Gadolinium is a chemical element with symbol Gd and atomic number 64. Gadolinium is a silvery-white, malleable, and ductile rare earth metal. It is found in nature only in oxidized form, and even when separated, it usually has impurities of the other rare earths. Gadolinium was discovered in 1880 by Jean Charles de Marignac, who detected its oxide by using spectroscopy. It is named after the mineral gadolinite, one of the minerals in which gadolinium is found, itself named for the chemist Johan Gadolin. Pure gadolinium was first isolated by the chemist Paul Emile Lecoq de Boisbaudran around 1886.

Gadolinium possesses unusual metallurgical properties, to the extent that as little as 1% of gadolinium can significantly improve the workability and resistance to oxidation at high temperatures of iron, chromium, and related metals. Gadolinium as a metal or a salt absorbs neutrons and is, therefore, used sometimes for shielding in neutron radiography and in nuclear reactors.

Like most of the rare earths, gadolinium forms trivalent ions with fluorescent properties, and salts of gadolinium(III) are used as phosphors in various applications.

The kinds of gadolinium(III) ions occurring in water-soluble salts are toxic to mammals. However, chelated gadolinium(III) compounds are far less toxic because they carry gadolinium(III) through the kidneys and out of the body before the free ion can be released into the tissues. Because of its paramagnetic properties, solutions of chelated organic gadolinium complexes are used as intravenously administered gadolinium-based MRI contrast agents in medical magnetic resonance imaging.

Gadolinium,  64Gd
Pronunciation/ˌɡædəˈlɪniəm/ (GAD-ə-LIN-ee-əm)
Appearancesilvery white
Standard atomic weight Ar, std(Gd)157.25(3)[1]
Gadolinium in the periodic table
Hydrogen Helium
Lithium Beryllium Boron Carbon Nitrogen Oxygen Fluorine Neon
Sodium Magnesium Aluminium Silicon Phosphorus Sulfur Chlorine Argon
Potassium Calcium Scandium Titanium Vanadium Chromium Manganese Iron Cobalt Nickel Copper Zinc Gallium Germanium Arsenic Selenium Bromine Krypton
Rubidium Strontium Yttrium Zirconium Niobium Molybdenum Technetium Ruthenium Rhodium Palladium Silver Cadmium Indium Tin Antimony Tellurium Iodine Xenon
Caesium Barium Lanthanum Cerium Praseodymium Neodymium Promethium Samarium Europium Gadolinium Terbium Dysprosium Holmium Erbium Thulium Ytterbium Lutetium Hafnium Tantalum Tungsten Rhenium Osmium Iridium Platinum Gold Mercury (element) Thallium Lead Bismuth Polonium Astatine Radon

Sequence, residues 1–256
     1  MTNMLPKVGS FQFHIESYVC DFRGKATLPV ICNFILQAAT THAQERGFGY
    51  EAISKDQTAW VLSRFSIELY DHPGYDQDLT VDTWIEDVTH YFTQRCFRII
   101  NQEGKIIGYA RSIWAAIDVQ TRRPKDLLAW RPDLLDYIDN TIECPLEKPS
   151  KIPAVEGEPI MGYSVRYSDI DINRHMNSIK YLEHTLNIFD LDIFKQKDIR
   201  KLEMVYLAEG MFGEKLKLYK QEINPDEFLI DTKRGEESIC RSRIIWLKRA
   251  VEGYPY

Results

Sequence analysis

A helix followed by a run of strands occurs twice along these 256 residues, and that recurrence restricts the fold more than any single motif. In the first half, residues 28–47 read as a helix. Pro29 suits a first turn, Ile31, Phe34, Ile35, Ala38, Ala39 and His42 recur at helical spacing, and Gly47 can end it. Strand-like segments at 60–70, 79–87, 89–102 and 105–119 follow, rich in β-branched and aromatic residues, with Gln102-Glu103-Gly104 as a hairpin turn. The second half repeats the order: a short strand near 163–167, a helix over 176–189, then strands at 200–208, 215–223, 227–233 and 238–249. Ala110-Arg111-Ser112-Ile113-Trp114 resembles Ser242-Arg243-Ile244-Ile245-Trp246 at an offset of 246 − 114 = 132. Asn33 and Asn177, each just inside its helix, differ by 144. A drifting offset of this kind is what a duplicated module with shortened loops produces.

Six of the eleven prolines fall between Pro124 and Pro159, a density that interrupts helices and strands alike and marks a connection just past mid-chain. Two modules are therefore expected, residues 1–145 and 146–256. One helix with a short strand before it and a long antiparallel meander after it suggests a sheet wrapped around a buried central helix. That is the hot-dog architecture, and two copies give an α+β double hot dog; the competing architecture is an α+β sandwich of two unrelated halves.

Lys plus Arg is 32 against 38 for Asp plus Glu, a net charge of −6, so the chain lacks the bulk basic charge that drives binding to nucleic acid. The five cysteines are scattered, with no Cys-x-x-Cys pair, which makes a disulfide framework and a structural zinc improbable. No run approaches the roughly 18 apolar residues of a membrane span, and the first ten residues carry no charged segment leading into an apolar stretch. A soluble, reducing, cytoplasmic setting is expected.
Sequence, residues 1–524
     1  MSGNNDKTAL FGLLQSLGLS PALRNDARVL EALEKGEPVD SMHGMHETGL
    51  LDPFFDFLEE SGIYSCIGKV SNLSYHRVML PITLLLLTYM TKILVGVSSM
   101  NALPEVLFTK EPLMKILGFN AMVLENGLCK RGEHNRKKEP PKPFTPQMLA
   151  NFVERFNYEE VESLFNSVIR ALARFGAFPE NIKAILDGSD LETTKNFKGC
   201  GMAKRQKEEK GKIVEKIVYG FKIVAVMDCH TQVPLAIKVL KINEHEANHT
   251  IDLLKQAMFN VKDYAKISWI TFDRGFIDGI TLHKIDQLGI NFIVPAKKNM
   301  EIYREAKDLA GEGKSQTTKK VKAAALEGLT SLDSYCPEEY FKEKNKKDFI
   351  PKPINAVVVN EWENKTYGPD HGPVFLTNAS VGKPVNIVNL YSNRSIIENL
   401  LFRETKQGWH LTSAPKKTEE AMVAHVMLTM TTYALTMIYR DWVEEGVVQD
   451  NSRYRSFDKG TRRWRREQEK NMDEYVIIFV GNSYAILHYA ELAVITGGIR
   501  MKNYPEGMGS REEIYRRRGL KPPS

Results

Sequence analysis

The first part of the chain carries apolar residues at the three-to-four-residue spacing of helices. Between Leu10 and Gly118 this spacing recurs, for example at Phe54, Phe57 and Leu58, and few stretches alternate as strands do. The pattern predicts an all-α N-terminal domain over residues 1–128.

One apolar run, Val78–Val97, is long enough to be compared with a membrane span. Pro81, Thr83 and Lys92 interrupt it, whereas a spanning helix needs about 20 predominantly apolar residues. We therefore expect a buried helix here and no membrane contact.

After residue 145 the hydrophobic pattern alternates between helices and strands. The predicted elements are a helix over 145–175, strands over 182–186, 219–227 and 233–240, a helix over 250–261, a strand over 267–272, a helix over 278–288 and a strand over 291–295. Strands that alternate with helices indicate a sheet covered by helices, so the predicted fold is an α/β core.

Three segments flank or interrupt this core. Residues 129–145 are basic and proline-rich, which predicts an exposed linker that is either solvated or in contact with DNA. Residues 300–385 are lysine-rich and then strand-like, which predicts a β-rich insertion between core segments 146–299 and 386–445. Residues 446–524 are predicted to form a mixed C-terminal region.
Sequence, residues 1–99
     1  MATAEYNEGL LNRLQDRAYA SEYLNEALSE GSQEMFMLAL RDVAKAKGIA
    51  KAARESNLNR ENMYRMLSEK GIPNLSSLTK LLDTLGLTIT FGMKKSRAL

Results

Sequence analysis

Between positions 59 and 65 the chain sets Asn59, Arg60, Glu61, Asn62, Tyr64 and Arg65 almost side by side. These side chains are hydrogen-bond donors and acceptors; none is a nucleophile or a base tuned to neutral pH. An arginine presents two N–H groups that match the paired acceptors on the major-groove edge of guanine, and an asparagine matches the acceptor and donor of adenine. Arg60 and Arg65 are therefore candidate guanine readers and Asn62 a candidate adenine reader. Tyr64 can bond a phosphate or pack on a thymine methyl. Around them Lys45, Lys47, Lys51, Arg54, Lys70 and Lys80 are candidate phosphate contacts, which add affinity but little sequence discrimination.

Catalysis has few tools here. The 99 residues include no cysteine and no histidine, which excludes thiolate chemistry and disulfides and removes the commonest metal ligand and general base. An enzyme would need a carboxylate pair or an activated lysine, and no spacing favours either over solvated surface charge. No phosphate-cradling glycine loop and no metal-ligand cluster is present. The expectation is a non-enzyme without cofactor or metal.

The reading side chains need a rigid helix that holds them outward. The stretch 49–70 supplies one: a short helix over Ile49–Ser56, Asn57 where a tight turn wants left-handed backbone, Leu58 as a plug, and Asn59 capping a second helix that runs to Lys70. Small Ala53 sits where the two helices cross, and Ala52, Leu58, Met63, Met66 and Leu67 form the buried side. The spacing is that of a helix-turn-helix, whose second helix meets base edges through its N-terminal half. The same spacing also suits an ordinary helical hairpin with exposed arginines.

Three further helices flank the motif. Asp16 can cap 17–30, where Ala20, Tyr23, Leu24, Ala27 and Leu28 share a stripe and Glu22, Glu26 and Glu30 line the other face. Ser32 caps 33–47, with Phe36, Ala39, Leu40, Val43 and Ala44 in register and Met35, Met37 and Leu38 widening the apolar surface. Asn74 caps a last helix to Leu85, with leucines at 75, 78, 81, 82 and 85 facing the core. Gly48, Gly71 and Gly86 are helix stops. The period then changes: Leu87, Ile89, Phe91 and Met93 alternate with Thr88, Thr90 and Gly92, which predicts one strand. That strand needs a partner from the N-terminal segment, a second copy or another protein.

Francium Radium Actinium Thorium Protactinium Uranium Neptunium Plutonium Americium Curium Berkelium Californium Einsteinium Fermium Mendelevium Nobelium Lawrencium Rutherfordium Dubnium Seaborgium Bohrium Hassium Meitnerium Darmstadtium Roentgenium Copernicium Nihonium Flerovium Moscovium Livermorium Tennessine Oganesson


Atomic number (Z)64
Groupgroup n/a
Periodperiod 6
Element category  lanthanide
Electron configuration[Xe] 4f7 5d1 6s2
Electrons per shell
2, 8, 18, 25, 9, 2
Physical properties
Phase at STPsolid
Melting point1585 K ​(1312 °C, ​2394 °F)
Boiling point3273 K ​(3000 °C, ​5432 °F)
Density (near r.t.)7.90 g/cm3
when liquid (at m.p.)7.4 g/cm3
Heat of fusion10.05 kJ/mol
Heat of vaporization301.3 kJ/mol
Molar heat capacity37.03 J/(mol·K)
Vapor pressure (calculated)
P (Pa) 1 10 100 1 k 10 k 100 k
at T (K) 1836 2028 2267 2573 2976 3535
Atomic properties
Oxidation states+1, +2, +3 (a mildly basic oxide)
ElectronegativityPauling scale: 1.20
Ionization energies
  • 1st: 593.4 kJ/mol
  • 2nd: 1170 kJ/mol
  • 3rd: 1990 kJ/mol
Atomic radiusempirical: 180 pm
Covalent radius196±6 pm
Color lines in a spectral range
Spectral lines of gadolinium
Other properties
Natural occurrenceprimordial
Crystal structurehexagonal close-packed (hcp)
Hexagonal close packed crystal structure for gadolinium
Speed of sound thin rod2680 m/s (at 20 °C)